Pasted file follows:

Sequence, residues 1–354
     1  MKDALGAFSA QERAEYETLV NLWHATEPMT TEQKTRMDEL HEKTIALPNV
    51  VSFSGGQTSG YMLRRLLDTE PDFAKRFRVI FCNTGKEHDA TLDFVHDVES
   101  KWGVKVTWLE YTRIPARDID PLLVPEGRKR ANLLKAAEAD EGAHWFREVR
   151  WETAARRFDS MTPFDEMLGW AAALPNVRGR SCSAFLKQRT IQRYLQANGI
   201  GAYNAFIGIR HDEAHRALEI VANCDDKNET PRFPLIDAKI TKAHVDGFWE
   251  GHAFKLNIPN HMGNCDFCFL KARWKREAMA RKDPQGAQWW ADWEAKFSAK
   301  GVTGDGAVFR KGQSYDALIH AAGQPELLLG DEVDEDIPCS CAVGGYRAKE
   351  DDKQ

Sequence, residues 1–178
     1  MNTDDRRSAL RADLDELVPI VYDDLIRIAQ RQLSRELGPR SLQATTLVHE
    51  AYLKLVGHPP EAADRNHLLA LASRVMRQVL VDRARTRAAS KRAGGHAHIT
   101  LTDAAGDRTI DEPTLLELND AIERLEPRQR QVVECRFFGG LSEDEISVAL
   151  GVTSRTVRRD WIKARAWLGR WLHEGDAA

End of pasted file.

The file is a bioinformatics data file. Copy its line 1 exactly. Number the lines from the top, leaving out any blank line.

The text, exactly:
Sequence, residues 1–354